Terra’s cataclysmic collapse has left some of the space’s so-called “smart money” investors holding the bag.
The full extent of Terra’s dramatic implosion is unknown, it’s believed that many top venture capital firms lost big. We explore how the crypto industry’s “Lehman moment” could impact the future of the space.
Venture Capital Caught Out
Terra’s collapse has left an unsightly mark on the portfolios of some of crypto’s most respected venture capital firms.
Terra, founded in 2018 by entrepreneurs Daniel Shin and Do Kwon, rose from relative obscurity in the Layer 1 space to become the sixth biggest crypto project by market cap in just a few months. Terra’s dollar-pegged UST stablecoin lured retail investors in with promises of 20% yearly returns via Anchor Protocol, but it also captured the attention of some of the brightest minds in the space at top venture capital firms. Many of these funds allocated to the project by investing in the blockchain’s volatile token, LUNA.
On May 9, Terra’s believers had their conviction tested when UST started to lose its dollar peg due to mass sell-offs. UST and LUNA were designed to work in tandem through a dual token burning mechanism to help UST maintain its peg, but once it was trading below $1, LUNA entered a death spiral. Less than 72 hours later, the price of LUNA had plummeted from over $80 to less than $0.01, effectively killing the project and wiping out more than $27 billion in value.
Galaxy Digital and Pantera Capital were two of the largest firms to back Terra, with both contributing to a $25 million funding round in January 2021. Six months later, they doubled on their investments by contributing to a $150 million Terra ecosystem fund along with other prominent VCs like BlockTower Capital and Delphi Digital.
As early-stage investors, Galaxy and Pantera were able to invest in Terra for cents on the dollar. Although the exact details of Terra’s fundraising have not been released to the public, similar deals often involve backers receiving token allocations at deep discounts with long lockup periods. As tokens unlock, firms often sell a portion of their allocation to recoup their initial costs. However, in the case of Pantera and Galaxy, it’s not clear whether they had been able to lock in any profits before LUNA flatlined.
However, it is clear that both firms maintained a bullish outlook on the Terra ecosystem up until its collapse. Galaxy chief Mike Novogratz was an outspoken Terra advocate, going so far as to get a LUNA-themed tattoo earlier this year as the token touched $100. “I’m officially a Lunatic!!!” he tweeted alongside a photo of his new ink. Novogratz later bragged about his tattoo and described Terra’s plan to establish a Bitcoin reserve fund as “a really interesting experiment” to a captivated audience onstage at Bitcoin 2022. Less than five weeks later, LUNA tokens are now virtually worthless, and Novogratz has been silent on Twitter since May 8.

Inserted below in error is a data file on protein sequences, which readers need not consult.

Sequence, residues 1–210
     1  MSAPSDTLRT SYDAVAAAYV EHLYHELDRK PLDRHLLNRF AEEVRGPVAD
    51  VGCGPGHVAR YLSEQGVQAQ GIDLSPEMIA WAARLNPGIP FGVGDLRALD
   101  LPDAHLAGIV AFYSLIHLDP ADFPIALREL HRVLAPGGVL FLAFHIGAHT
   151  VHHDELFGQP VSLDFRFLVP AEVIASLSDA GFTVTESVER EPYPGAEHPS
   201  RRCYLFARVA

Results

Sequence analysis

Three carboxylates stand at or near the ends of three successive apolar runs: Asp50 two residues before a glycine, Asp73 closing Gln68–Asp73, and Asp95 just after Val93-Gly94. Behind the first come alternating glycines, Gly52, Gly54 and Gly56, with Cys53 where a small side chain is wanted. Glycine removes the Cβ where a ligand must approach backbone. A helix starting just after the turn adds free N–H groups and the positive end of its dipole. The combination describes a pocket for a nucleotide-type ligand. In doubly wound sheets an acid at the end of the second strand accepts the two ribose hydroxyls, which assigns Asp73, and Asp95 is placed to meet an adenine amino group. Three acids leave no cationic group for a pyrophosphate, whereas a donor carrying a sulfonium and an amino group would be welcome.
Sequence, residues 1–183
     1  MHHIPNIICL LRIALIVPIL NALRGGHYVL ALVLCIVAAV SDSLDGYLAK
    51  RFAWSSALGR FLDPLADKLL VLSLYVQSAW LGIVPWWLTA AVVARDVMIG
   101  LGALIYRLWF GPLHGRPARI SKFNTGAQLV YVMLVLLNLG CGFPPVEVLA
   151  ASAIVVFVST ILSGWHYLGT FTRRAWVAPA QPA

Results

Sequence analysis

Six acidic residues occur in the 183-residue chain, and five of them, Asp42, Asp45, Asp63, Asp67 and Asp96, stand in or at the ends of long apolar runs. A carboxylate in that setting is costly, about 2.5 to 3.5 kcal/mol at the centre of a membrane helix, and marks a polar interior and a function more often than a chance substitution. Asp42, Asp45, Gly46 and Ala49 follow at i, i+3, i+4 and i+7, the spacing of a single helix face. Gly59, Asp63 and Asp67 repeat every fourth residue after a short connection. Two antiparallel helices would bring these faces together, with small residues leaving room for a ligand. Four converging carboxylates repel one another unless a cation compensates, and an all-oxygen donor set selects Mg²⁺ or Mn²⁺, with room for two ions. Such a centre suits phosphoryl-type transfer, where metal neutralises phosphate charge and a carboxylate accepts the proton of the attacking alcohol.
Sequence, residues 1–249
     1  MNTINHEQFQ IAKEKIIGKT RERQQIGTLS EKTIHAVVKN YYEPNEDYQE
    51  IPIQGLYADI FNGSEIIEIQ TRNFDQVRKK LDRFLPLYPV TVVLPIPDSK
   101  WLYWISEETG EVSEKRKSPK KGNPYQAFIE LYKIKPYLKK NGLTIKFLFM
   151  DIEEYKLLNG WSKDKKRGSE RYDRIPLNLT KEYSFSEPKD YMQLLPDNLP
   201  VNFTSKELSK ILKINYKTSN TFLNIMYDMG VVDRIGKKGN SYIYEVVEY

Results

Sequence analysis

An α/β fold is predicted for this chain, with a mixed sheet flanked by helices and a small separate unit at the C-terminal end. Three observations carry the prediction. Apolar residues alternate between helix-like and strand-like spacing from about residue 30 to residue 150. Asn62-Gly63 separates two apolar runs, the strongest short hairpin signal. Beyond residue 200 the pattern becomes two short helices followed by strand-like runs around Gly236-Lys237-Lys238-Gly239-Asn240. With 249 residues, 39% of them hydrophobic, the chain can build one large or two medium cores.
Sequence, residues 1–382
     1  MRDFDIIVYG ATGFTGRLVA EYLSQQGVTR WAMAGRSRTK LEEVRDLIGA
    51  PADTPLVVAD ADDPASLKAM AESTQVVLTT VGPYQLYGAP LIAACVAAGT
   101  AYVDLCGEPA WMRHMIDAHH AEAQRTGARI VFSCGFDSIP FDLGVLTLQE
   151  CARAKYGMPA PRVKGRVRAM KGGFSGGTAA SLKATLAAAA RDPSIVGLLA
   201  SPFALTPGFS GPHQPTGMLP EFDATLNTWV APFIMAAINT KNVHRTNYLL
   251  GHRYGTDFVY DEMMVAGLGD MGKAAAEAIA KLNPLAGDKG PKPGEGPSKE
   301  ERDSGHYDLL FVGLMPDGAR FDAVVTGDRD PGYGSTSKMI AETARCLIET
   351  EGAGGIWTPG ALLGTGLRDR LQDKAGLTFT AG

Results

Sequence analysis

How much LUNA and UST Galaxy was exposed to is not yet known. The firm shared a press release on May 13 noting that it had seen losses of $300 million in the first quarter of the year, but it didn’t clarify whether LUNA accounted for the losses. Investment research firm BTIG told its clients that fears over significant losses incurred by Galaxy due to LUNA exposure were “clearly unwarranted.” Despite this, Galaxy has seen its stock price plummet more than 31% since the LUNA death spiral began.
Like Novogratz, Pantera CEO Dan Morehead was also wildly outspoken about his belief in Terra. In a CNBC interview on Dec. 29, 2021, Morehead said that he thought Terra would be one of the top-performing crypto ecosystems in 2022 alongside Polkadot. “We think it’s one of the most promising coins for the coming year,” he stated, explaining that he thought LUNA had “plenty of room to grow,” (it had a market capitalization of around $31 billion at the time).
While older investors publicly expressed their positive outlook on Terra, there was no shortage of newer investors lining up for a slice of the action. In February, a $1 billion raise for Terra’s Luna Foundation Guard attracted several more highly-respected funds. Jump Crypto, Three Arrows Capital, and DeFiance Capital all contributed to the raise, purchasing LUNA tokens at an undisclosed discount. It’s almost certain that these late investors paid a higher price for their tokens than those who backed Terra early. When the raise went public, LUNA traded for around $54 and quickly shot up to highs of $91 less than a week later.
Since Terra’s downfall, Three Arrows Capital co-founder Su Zhu has been one of the few VCs to speak out about his fund’s decision to invest in the ecosystem. In a short Twitter thread, Zhu acknowledged that Terra should have moved slower and said that it had been an “incredibly humbling week” to see it fall apart.
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